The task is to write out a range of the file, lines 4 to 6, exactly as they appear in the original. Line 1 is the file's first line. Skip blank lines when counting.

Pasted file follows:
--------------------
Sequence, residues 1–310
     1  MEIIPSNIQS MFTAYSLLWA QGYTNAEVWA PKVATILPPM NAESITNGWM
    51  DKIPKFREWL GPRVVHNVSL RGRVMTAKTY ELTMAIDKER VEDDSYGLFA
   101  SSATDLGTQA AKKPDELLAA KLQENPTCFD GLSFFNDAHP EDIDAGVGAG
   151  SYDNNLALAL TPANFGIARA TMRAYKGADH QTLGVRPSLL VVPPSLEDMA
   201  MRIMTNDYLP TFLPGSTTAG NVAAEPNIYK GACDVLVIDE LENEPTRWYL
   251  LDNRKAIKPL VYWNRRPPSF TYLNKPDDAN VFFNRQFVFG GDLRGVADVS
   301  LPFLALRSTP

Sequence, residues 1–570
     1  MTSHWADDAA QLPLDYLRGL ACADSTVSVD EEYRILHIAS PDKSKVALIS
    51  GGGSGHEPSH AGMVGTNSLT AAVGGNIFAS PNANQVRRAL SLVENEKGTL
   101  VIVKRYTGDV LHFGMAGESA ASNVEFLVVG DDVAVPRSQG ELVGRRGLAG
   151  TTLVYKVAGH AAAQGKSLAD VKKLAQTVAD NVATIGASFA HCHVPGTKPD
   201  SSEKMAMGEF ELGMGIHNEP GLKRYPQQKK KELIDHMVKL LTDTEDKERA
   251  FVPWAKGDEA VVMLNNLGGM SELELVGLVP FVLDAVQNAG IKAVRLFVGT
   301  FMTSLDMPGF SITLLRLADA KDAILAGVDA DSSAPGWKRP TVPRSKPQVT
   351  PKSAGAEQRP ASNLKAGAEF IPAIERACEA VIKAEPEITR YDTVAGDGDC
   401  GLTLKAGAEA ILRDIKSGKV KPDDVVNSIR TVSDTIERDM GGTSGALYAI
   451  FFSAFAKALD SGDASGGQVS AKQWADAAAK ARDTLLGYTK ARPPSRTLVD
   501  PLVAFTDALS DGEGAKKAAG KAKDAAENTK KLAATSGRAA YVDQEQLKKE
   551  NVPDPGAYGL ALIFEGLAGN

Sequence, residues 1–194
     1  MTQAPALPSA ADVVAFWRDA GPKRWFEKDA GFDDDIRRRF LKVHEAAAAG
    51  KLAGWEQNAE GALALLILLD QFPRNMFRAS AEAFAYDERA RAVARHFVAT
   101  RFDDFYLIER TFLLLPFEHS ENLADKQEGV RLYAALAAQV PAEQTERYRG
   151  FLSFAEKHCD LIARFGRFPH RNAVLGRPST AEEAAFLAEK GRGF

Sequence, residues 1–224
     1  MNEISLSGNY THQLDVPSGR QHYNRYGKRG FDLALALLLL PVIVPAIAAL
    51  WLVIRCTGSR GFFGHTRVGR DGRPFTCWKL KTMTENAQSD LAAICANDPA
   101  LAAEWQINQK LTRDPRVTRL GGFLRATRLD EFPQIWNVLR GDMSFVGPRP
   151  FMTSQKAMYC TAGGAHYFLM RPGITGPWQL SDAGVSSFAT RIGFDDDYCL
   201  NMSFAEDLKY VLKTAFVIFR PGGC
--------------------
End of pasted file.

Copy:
   101  SSATDLGTQA AKKPDELLAA KLQENPTCFD GLSFFNDAHP EDIDAGVGAG
   151  SYDNNLALAL TPANFGIARA TMRAYKGADH QTLGVRPSLL VVPPSLEDMA
   201  MRIMTNDYLP TFLPGSTTAG NVAAEPNIYK GACDVLVIDE LENEPTRWYL